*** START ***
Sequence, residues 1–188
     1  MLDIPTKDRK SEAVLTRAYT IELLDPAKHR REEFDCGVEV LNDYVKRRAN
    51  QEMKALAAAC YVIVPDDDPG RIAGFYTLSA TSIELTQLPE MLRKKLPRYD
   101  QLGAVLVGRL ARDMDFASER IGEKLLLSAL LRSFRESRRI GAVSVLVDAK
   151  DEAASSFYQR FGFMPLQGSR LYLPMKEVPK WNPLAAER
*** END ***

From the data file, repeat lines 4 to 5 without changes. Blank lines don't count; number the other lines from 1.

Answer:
   101  QLGAVLVGRL ARDMDFASER IGEKLLLSAL LRSFRESRRI GAVSVLVDAK
   151  DEAASSFYQR FGFMPLQGSR LYLPMKEVPK WNPLAAER